I’m racing so often these days that I’m getting sick of writing race reports. Or at least I worry that my race reports are boring. I’ll try to make this interesting.
How’s this for an opening gambit: Jonathan was beaten today by a guy with a mullet. He was right in front of me at the start (I was just behind the guys at the front) and I found myself unpleasantly entranced by his straggly neck-shading locks during the National Anthem. After the race I got a look at his front and discovered that he bore a striking resemblance to Davy Jones of The Monkees. But with a mullet.
Now that I have your attention, here’s the race report: Warm up, blah blah blah. Feel crappy, nervous, blah blah. Stand behind mullet guy. RD yells “Go!” and we’re off. Too fast. I’m running with teenage girls and 12-year-old boys who have never run a race. I know this because they are weaving all over the place and asking me, “Are we supposed to run off to the left or something?”
We’re all going at around 5:50 pace and this is just silly. So I slow down. The 12-year-old boys die after 200m (no endurance, these kids today), but the confused girls are still with me. By the quarter mile mark we’re running at a more reasonable 6:30 pace. Then they start slowing down and I don’t want to get complacent, so I pass them, suddenly feeling very Kathy Bates in Steel Magnolias Fried Green Tomatoes.* The rest of the race, I see one woman ahead of me and wait and wait and wait for someone else to catch up. No one does.
The woman is a high schooler in black, probably about 5’10” and all of 130 lbs. She is floating and I know there’s no chance I’ll catch her. I hit the first mile split in 6:37. We turn north. And. Cue the wind. Mile two is way windy. My pace drops to 6:56 for that one. Ugh. But I know the course is sort of in the shape of a bent spoon (or helium balloon on its last legs, if you prefer; or crushed lollipop…), so we should be turning out of the wind eventually and getting it on our sides again.
But that second mile has killed me and at the 2.5 mile mark I start thinking how nice it would be just slow down a bit, or even walk. Or stop and sit down. There’s an idea. But I have to keep going. I’m a little mad at myself because I know I mentally gave up to some extent when I realized in mile 2, as I watched my average speed eroding, that I wouldn’t break 21:00 today. I’m at 7:00 pace at 2.5 miles. This is unacceptable. I snap myself out of it and run the next half mile about 10 seconds faster. Then I see people turning into the parking lot at 3 miles and gun it for the last tenth for a finishing time of 21:12.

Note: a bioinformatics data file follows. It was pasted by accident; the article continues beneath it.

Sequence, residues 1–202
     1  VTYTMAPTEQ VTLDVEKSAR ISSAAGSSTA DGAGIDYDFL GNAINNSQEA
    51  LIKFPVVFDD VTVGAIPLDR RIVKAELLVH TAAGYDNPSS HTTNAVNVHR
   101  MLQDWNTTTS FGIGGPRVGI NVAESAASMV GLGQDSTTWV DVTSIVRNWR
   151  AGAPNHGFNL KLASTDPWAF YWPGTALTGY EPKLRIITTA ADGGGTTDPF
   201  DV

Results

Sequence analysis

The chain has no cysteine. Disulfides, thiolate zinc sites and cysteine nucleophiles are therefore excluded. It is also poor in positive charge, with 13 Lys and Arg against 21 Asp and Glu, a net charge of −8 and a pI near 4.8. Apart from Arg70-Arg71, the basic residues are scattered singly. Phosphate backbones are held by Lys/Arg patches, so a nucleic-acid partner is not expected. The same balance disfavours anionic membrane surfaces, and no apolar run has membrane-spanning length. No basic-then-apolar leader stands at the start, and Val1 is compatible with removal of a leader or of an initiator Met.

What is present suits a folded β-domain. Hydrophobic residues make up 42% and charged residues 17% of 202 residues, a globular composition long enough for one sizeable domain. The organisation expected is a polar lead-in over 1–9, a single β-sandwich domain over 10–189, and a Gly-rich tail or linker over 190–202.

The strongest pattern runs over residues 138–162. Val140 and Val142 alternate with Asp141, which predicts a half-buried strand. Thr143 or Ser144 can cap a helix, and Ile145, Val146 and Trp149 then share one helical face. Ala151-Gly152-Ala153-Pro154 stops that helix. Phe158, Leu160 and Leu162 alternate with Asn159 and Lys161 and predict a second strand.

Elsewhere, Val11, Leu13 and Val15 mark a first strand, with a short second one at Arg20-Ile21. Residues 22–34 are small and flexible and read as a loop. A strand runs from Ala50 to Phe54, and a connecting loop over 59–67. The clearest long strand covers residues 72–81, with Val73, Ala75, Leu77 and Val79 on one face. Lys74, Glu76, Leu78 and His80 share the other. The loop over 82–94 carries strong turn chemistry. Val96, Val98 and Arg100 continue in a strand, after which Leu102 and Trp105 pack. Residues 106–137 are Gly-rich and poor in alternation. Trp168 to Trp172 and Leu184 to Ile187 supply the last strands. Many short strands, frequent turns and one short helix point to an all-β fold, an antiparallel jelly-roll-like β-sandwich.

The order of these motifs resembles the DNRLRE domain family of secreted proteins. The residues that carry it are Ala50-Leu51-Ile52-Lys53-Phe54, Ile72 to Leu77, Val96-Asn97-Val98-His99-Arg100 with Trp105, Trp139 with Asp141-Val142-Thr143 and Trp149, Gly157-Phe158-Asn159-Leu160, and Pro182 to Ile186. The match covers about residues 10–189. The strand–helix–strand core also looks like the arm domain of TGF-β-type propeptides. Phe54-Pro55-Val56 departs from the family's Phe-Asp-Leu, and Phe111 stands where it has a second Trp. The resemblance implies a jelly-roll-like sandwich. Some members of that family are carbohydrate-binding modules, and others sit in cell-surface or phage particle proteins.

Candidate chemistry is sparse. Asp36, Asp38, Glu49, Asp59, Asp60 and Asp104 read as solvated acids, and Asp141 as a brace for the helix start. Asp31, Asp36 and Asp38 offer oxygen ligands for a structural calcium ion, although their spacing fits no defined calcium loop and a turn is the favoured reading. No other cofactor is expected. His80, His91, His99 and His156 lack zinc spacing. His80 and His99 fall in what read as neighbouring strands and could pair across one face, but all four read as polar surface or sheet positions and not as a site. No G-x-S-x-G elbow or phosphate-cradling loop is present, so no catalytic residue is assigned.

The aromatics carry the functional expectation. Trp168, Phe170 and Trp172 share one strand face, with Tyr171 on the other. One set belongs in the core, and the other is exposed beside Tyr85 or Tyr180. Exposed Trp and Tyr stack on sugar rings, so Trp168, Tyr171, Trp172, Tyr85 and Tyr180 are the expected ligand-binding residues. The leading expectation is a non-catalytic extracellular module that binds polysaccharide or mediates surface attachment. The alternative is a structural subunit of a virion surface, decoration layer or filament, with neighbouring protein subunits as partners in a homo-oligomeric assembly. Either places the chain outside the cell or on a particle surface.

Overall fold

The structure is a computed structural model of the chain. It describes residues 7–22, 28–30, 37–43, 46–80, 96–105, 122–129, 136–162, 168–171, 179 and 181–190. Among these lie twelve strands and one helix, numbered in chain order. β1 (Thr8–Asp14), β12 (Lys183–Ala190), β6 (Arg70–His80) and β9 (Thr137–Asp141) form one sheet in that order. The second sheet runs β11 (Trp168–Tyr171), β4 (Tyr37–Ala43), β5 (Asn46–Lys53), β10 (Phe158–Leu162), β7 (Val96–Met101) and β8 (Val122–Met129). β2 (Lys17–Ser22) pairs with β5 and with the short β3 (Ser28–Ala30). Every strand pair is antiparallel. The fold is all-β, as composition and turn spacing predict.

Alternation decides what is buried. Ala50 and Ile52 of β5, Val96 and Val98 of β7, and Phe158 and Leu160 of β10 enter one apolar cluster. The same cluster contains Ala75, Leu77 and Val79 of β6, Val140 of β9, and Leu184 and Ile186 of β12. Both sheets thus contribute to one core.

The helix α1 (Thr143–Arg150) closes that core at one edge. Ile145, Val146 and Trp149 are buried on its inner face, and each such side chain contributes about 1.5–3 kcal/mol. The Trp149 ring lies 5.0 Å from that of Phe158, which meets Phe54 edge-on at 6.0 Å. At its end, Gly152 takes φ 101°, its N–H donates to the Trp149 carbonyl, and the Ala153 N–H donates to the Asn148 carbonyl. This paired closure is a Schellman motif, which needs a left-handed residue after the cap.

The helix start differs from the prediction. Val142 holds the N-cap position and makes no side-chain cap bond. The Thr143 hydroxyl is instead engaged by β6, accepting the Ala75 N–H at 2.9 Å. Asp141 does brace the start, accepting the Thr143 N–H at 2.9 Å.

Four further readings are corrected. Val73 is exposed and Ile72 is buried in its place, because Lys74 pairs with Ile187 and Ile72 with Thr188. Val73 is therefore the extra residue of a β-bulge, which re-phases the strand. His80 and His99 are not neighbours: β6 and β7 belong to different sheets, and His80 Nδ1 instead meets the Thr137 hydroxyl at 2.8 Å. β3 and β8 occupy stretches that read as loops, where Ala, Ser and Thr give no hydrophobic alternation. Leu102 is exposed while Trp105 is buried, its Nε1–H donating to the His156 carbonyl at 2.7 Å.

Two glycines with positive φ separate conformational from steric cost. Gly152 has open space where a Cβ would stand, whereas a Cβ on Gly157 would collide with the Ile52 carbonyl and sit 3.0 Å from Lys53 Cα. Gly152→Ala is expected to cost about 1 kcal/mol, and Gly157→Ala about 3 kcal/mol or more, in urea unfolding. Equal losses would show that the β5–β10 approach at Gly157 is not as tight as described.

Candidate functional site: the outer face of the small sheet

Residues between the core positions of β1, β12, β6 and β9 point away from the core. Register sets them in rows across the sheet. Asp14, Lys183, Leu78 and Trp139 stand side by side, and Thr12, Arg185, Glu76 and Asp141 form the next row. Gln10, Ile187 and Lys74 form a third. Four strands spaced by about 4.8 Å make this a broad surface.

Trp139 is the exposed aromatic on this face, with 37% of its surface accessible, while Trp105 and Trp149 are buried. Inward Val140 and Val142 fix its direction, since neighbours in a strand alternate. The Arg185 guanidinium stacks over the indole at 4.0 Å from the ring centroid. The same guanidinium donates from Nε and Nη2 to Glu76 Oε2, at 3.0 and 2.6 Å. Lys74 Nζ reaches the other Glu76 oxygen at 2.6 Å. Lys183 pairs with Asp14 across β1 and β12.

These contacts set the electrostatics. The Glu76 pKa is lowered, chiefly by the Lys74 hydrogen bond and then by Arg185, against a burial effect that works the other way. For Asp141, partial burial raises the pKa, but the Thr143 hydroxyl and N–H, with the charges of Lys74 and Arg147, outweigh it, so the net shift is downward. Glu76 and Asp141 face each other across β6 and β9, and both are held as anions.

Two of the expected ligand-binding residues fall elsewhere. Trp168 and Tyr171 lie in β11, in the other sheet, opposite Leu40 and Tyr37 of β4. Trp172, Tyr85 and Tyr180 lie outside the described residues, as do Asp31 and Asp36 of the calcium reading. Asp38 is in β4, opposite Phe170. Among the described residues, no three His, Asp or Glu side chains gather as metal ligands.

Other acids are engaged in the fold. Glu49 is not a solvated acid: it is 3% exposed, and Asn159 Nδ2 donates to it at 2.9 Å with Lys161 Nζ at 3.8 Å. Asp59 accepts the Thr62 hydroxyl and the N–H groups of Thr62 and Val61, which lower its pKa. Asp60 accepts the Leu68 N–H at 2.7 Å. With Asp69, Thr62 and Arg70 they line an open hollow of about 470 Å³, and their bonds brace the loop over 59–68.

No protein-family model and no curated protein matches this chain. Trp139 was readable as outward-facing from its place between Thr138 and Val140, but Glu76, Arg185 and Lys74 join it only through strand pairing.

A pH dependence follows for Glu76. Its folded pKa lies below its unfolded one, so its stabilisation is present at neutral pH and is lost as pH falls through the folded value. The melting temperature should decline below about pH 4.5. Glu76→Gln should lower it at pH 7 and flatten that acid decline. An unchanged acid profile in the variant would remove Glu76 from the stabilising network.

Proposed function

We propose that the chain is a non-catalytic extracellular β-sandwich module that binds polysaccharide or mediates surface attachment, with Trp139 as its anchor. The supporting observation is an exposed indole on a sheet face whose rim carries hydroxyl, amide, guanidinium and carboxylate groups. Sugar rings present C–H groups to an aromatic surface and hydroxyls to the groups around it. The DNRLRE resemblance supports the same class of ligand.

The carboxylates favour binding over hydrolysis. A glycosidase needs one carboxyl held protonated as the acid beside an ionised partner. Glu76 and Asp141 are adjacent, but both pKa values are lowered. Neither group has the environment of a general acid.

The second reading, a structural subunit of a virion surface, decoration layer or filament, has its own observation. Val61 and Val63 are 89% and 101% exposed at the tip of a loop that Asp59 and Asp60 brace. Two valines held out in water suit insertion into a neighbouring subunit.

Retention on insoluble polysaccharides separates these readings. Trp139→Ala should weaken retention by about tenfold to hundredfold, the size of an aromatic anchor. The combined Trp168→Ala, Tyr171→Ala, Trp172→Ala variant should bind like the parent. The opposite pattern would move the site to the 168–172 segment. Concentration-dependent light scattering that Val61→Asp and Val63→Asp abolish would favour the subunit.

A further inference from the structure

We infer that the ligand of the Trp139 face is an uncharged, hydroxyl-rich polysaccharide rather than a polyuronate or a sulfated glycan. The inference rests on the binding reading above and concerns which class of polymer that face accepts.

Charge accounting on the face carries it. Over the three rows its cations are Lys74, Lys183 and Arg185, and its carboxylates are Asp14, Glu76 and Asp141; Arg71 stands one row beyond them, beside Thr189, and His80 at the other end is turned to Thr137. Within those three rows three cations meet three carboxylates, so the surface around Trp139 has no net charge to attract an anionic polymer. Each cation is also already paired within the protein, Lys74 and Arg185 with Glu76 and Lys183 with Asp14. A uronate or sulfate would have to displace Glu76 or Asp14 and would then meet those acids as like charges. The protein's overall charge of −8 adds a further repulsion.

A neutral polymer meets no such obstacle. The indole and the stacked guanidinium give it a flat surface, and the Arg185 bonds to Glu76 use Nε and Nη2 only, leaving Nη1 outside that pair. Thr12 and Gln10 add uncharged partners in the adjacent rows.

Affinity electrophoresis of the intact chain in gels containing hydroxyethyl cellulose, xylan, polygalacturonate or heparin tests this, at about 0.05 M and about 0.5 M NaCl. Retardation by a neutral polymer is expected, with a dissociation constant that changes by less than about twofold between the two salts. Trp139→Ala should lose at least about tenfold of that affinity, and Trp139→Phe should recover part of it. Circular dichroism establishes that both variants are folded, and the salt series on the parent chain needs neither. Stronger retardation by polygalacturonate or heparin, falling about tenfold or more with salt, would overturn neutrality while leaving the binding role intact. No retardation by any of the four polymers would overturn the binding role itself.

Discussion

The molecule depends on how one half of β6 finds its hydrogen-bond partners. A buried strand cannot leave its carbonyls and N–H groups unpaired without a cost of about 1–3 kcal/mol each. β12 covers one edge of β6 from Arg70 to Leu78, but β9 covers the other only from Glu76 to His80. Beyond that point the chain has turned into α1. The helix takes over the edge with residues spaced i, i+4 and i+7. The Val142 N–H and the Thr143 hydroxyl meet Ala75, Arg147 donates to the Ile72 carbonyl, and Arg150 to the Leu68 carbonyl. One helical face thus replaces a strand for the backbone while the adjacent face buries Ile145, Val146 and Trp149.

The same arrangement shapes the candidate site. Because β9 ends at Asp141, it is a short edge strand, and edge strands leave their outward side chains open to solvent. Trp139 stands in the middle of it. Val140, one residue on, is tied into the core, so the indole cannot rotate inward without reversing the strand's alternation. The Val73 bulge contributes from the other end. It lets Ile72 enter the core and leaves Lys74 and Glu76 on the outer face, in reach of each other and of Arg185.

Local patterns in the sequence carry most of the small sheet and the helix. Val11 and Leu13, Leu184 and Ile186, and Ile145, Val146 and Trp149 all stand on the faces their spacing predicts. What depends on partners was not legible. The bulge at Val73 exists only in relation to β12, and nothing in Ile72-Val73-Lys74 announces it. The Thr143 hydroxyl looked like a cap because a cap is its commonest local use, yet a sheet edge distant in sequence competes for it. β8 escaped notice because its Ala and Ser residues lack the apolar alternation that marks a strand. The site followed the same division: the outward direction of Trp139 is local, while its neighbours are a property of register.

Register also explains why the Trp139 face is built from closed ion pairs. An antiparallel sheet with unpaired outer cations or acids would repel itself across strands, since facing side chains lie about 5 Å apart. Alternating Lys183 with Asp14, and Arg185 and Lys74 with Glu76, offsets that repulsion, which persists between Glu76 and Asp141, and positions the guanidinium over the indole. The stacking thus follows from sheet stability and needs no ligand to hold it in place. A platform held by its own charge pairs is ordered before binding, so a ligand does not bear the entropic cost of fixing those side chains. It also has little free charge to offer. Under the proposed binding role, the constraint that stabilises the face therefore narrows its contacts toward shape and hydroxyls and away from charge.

So I’m a bit disappointed, but I ran as well as I could today. Since this was a nearly flat course (total up/down elevation was around 150 ft) I now have a 5K pace to use as a baseline for training and for coming up with a reasonable (ha ha) pacing plan for next Sunday’s half marathon on Long Island. I suspect my legs were still tired from Wednesday’s speed workout, since I had leg soreness in the middle of the night. I knew I should have gone with my instinct on Wednesday to do 4 x 800 rather an 5 x 800. Live and learn.
This week’s haul included a lovely plastic trophy (and bonus non-haltingly correct pronunciation of my last name) and an AG medal. Jonathan came in (I think) sixth with 17:35 while also smashing the 50-54 course record by about a minute. He was, as previously stated, beaten by Mullet Man (who turned out to be in his 30s). We hung around, eating free bananas and watching the kids’ races, waiting for the awards ceremony, which could only happen after they raffled off 4,000 gift certificates from local establishments. These little races are a hoot. They always remind me of political protests — everyone and everything is given equal importance and tedium is never an obstacle in either planning or execution.
More fun stupid stuff…
The drive to Washingtonville, about an hour from our place in Yonkers, is very pretty if you get off of 87 and instead take the Palisades Parkway. On the way, you go past an exit for Letchworth Village (a sign that always makes us giggle). We made up a town to go with it: Lushton.
On the way back we noticed a Mercedes with a vanity license: 4MYBOGIE. What does it mean? That led to a half hour session of FBI style profiling the type of person who gets a vanity license plate. Highly critical profiling, naturally. This sort of thing is why I can go on long car trips with Jonathan; there’s no pressure to talk, and when we do talk, it’s usually at least entertaining, if not always deep.
For the hell of it, here’s a picture of our cat, looking more cute and less pissed off than usual. She was in bed when we left at 8:00 am this morning. I predicted she would still be in bed when we arrived home at 1:00 pm. I was right.
*Whoops. Wrong movie. I’m not surprised I got them mixed up as they are both insufferable movies about annoying Southern women that came out around the same time. Steel Magnolias was so awful that I finally decided it must be a satire of something. I only made it through an hour of it before returning the DVD. I don’t think I made it much farther through Fried Green Tomatoes.